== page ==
Gymnastics is hard. There’s no getting around that. However, being able to conquer and perform those higher-level gymnastics movements can be not only extremely gratifying but also very exhilarating. Since most adults these days are being exposed to basic gymnastics skills through the fitness community, there is a tendency for the movements to be taught quickly with the bulk of the work needed to acquire and learn those skills left up to the athlete to do in their own time. While I’m a huge proponent of working on and refining skills outside of class time, it is imperative that you have at least a little knowledge of the drills and positions you need to be focusing on.
Unfortunately, when it comes to the handstand many people don’t have the deeper understanding of the body positions and mechanics required to obtain a consistent controlled handstand.
(SEE LAST MONTH’S BLOG TO CATCH UP ON SOME BASICS – How to Handstand by Courtney Walker.)
Gymnastics is all about the basics, and these 3 tricks will take you back to the very basics in order to achieve a solid freestanding handstand:
1) Work Static Positions on the Ground
Everyone seems to want to handstand walk. I get that it’s cool to be able to walk on your hands, but trying to walk on your hands without having the ability to just hold a handstand is putting the cart before the horse. How do you plan to add in movement to your handstand when you can’t even control yourself standing still? Before you ever get upside down you need to understand and establish your ability to maintain a proper body position while on the ground. This requires both an understanding of the correct position as well as the requisite strength to hold that position. When in a handstand we want what is called a hollow body position. This means the rib cage is pulled down, the hips are tucked under, the quads are tight, the arms are straight overhead behind the ears, and the knees are straight with the toes pointed. The best way to practice this position is with hollow body holds and hollow body rocks. Lay on your back, lift your shoulders off the ground slightly with your hands above your head, squeeze your butt and lift your feet of the floor. There should be no space between your lower back and the ground. If I were to pick you up by your toes and rotate you 90 degrees you should be tight enough that nothing would move and you would end up in a perfect handstand. Work to hold your hollow for 5 sets of 1 min or perform rocks in that position for 5 sets of 25.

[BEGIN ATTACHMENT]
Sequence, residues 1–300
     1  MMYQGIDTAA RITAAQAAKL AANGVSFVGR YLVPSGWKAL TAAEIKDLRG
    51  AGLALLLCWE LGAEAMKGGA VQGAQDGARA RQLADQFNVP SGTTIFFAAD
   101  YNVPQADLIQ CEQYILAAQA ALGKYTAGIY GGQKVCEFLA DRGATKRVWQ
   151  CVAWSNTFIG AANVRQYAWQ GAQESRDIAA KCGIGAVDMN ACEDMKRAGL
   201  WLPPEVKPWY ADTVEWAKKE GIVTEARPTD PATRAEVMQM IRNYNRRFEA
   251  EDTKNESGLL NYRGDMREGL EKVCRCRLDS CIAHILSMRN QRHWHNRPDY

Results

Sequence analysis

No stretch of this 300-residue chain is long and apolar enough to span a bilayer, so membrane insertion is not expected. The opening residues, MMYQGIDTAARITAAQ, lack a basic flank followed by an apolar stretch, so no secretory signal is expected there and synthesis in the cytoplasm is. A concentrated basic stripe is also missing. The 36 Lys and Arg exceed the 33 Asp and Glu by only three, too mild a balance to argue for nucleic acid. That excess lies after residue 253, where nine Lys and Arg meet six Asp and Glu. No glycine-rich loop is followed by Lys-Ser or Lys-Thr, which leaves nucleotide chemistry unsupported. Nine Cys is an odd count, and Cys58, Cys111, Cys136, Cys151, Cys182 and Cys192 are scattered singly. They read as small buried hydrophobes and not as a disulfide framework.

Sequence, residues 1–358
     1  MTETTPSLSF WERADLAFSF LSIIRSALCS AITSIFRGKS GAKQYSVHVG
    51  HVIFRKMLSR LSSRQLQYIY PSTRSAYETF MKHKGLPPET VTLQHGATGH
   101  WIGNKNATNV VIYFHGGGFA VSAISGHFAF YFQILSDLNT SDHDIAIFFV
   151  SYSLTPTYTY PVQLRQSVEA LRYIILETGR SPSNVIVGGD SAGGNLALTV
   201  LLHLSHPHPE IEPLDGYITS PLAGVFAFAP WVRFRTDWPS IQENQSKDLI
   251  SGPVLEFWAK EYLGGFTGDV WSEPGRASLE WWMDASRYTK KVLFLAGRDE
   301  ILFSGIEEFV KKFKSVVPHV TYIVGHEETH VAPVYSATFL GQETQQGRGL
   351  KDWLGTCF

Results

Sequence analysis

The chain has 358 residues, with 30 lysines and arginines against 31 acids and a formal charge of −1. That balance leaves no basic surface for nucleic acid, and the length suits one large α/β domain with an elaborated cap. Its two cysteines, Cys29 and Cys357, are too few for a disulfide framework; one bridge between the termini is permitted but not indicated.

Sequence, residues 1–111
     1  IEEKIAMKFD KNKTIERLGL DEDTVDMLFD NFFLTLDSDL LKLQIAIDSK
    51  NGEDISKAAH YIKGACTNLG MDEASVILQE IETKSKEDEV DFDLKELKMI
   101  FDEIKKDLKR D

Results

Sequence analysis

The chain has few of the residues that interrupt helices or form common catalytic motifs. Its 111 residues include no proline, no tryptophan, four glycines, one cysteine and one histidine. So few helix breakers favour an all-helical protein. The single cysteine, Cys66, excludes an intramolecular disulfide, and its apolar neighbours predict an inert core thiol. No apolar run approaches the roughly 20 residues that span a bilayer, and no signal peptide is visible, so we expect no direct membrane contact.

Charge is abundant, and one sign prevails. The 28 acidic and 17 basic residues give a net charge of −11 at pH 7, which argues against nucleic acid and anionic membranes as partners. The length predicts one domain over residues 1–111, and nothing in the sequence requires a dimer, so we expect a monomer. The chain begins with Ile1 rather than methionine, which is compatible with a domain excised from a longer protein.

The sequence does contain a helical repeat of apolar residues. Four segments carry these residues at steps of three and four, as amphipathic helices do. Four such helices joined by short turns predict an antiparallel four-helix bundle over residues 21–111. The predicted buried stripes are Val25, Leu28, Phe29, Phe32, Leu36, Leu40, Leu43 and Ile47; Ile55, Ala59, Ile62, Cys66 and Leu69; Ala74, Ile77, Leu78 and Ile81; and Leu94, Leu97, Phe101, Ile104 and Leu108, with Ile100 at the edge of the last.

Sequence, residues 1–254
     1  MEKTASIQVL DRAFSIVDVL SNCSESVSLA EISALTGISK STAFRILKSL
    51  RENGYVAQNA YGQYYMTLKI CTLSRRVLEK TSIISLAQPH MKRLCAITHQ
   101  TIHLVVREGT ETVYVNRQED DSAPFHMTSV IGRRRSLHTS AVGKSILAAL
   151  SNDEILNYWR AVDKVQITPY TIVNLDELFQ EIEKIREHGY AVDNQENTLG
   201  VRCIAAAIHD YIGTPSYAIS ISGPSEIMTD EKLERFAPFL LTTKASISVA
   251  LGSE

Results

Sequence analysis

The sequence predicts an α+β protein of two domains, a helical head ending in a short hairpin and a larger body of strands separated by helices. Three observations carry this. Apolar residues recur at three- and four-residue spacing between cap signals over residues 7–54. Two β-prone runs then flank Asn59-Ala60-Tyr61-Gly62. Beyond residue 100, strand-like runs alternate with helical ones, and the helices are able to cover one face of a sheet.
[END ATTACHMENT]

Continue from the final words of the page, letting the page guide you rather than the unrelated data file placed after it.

2) Drill your kick up
Once we understand the basic body position required in the handstand we need to make sure our entry to the handstand is consistent every time. To properly get into a handstand you will start with the arms by the ears and the dominant foot in front. You will lunge forward on your dominant leg while the trailing leg stays straight. The line from your finger tips to the foot of your trailing leg should be completely straight and remain that way throughout the kick up. Think of it like a teeter totter. Your arms are one side; your back leg the other. The supporting leg/your dominant leg is the fulcrum in the middle. Halfway through your kick up your body should be creating the letter T. Make sure to remember to stretch your arms out long as you kick up. Do 10 kick up drills as shown in the video beginning at the :55 second mark on each leg. It is important to practice on both legs even though you will likely use only one leg to kick up to a handstand.
3) Practice Balance
Once you can get up to the handstand and maintain a solid body position it’s time to work on your balance. In a handstand you should feel the weight more in your fingertips than the palm of your hand. If you get off balance you can “save” your handstand by adjusting the balance in your fingertips and the angle of your shoulders. If your handstand is on the short side you can save it by doing a planche, which is essentially pushing your shoulders forward. It is very very difficult to save a short handstand. It is easier to save a handstand that is going over, or is long. To do this you need to push your shoulders backward in order to counter balance and bring the feet back to vertical. See the video below for a more visual explanation of these positions. A great way to practice finding and working your balance in the handstand is with a partner. Kick up to your handstand and have your partner standing at your side with one hand on each side of your legs. Your partner should not be keeping your balance for you, but only grabbing your legs and helping you get back into balance when you start to lose it. Over time the level of assistance your partner needs to provide should decrease. Note that if you are not keeping a tight body position the entire time you will not get the full benefit of this drill.
At the end of the day if you want a solid handstand you need to practice a lot! This is not a skill that you can develop overnight and you need to put in the time if you want to see the results. Gymnastics can be very challenging, but also very rewarding so don’t shy away from learning the handstand just because it seems scary at first!